- Dr. Caroline Palmer (caroline.palmer (at) mcgill.ca), Professor, Canada Research Chair in Cognitive Neuroscience of Performance, McGill.
- Brian Mathias (brian.mathias (at) mail.mcgill.ca), Graduate Fellow, McGill.
- Rebecca Scheurich (rebecca.scheurich (at) mail.mcgill.ca), Graduate Fellow, McGill.
- Anna Zamm (anna.zamm (at) mail.mcgill.ca), Graduate Fellow, McGill.
- Curtis Bogetti (curtis.bogetti (at) mail.mcgill.ca), Honours Undergraduate Student, McGill.
- Fran Spidle (frances.spidle (at) mcgill.ca), Lab Coordinator, McGill.
Caroline Palmer's research program combines two related issues in cognitive psychology: how people remember long sequences typical of speech and music, and how they produce those sequences. Many theories of memory for speech, written language, pictures, and other human endeavors focus on the problem of serial order: knowing what comes next in a sequence. What most theories do not address is the time course of retrieval: when particular sequential (serial order) information is available, and for how long. We focus on the time course of serial order in music performance and in speech, the most complex of human skills.
See Dr. Palmer's webpage for more information (including contact information).
Brian joined the Sequence Production Lab as a graduate student in fall 2009. He completed his Bachelor’s degree in Psychology and Piano Performance with Honors at Carnegie Mellon University. Most recently, Brian worked as a German Chancellor Fellow at the Max Planck Institute for Human Cognitive and Brain Sciences, where he researched long-term memory for
familiar tunes in an elderly population. Brian’s current research investigates skilled musicians’ memory for musical sequences.
Mathias, B., Pfordresher, P.Q., & Palmer, C. (2015). Context and meter enhance long-range planning in music performance. Frontiers in Human Neuroscience, 8, 1040. doi: 10.3389/fnhum.2014.01040.
- Mathias, B., Palmer, C., Perrin, F., & Tillmann, B. (2014). Sensorimotor learning enhances expectations during auditory perception. Cerebral Cortex. doi: 10.1093/cercor/bhu030.
- Palmer, C., Mathias, B., & Anderson, M. (2012). Sensorimotor mechanisms in music performance: Actions that go partially wrong. Annals of the New York Academy of Sciences, 1252, 185-191. doi: 10.1093/cercor/bhu030.
- Mathias, B., Palmer, C., Pfordresher, P. Q., & Anderson, M. F. (2011). Effects of meter and serial position on memory retrieval during music performance. In A. Williamon, D. Edwards, and L. Bartel (Eds.), Proceedings of the International Symposium on Performance Science (pp, 405-410). Utrecht, The Netherlands: European Association of Conservatoires.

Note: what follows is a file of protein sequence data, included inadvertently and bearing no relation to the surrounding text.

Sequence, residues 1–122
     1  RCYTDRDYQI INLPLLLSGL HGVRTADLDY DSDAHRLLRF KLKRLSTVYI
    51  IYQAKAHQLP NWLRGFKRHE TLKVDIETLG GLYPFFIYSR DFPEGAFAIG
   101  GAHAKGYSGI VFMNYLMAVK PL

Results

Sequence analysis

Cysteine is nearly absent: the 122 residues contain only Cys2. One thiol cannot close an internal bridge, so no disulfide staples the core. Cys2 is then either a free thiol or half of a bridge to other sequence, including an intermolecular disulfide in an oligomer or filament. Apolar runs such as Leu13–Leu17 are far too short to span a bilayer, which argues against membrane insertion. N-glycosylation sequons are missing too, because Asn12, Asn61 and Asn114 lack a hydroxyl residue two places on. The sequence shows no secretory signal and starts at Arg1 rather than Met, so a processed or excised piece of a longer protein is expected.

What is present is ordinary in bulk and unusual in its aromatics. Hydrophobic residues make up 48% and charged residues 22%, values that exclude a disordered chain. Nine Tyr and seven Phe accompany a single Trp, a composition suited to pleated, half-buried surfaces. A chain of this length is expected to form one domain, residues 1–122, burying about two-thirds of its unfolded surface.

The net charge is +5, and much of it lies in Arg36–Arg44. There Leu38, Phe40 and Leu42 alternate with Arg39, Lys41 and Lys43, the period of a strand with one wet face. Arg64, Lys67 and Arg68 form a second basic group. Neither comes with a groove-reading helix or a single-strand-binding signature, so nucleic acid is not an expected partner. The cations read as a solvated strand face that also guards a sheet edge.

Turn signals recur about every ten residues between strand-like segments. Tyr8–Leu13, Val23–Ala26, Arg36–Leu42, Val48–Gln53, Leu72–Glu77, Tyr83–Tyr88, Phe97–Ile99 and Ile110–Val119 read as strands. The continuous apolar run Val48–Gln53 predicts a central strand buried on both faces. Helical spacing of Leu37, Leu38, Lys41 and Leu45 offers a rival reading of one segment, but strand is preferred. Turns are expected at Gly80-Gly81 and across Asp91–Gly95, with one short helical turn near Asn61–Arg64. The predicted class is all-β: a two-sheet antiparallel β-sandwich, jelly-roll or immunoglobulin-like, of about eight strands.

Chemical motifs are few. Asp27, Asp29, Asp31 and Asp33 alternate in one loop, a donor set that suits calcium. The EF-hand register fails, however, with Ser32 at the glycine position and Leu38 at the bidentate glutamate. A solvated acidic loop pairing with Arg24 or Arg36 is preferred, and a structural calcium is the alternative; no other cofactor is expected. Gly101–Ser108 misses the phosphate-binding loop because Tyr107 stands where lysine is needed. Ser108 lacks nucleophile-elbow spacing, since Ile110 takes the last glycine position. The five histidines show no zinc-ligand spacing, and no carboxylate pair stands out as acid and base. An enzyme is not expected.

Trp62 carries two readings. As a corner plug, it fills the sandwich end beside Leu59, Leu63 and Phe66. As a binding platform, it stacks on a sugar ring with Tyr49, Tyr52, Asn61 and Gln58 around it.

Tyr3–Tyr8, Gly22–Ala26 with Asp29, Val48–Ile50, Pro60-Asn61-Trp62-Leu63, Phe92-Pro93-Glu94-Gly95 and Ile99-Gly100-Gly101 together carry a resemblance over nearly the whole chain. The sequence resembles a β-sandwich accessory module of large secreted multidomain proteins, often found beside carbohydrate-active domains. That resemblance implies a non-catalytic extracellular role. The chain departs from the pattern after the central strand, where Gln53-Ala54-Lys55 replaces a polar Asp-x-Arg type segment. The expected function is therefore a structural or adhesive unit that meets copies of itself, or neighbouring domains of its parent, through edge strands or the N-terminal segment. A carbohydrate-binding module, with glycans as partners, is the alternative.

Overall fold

Rebecca joined the Sequence Production Lab as a graduate student in 2015. She completed her Bachelor’s degree in Behavioral Neuroscience and Music magna cum laude at Western Washington University. After graduating, Rebecca worked as a research assistant at the Institute for Learning and Brain Sciences at the University of Washington investigating the effects of synchrony on empathy and coordination between children. Her current research examines parameters of rate flexibility in musicians and non-musicians.
- Jantzen, M. and Scheurich, R. (2014). Musical training affects the representation of speech. Proceedings of Meetings on Acoustics, 12, 060008. doi: 10.1121/1.4870066
Anna joined the Sequence Production Lab as a graduate student in 2012. She completed her Bachelor`s degree in Music and Psychology at Indiana University, and later worked as a research assistant at the Music and Neuroimaging Lab at Beth Israel and Harvard Medical School, where she conducted research using fMRI and diffusion tensor imaging to explore the neural correlates of music perception in populations with enhanced perceptual abilities such as absolute pitch and synesthesia. Her current research investigates how auditory feedback is used when musicians coordinate with others.
- Zamm, A., Pfordresher, P.Q., & Palmer, C. (2015). Temporal coordination in joint music performance: Effects of endogenous rhythms and auditory feedback. Experimental Brain Research, 233, 607-615.
- Zamm, A., Schlaug, G., Eagleman, D. M., & Loui, P. (2013). Pathways to seeing music: Enhanced structural connectivity in colored-music synesthesia. Neuroimage, 74, 359-366.
- Loui, P., Zamm, A., & Schlaug, G. (2012). Enhanced functional networks in absolute pitch. Neuroimage, 63, 632-640.
- Loui, P., Zamm, A., & Schlaug, G. (2012). Absolute pitch and synesthesia: Two sides of the same coin? Shared and distinct neural substrates of music listening. Proceedings of the International Conference on Music Perception and Cognition, NIH Public Access
Fran joined the lab in January 2007 as lab coordinator. She holds a Bachelor of Science from University of Toronto with majors in physics and philosophy, and a Master of Arts degree in music theory from McGill University. She is interested in many aspects of music cognition including rhythmic perception and production as well as synchronization.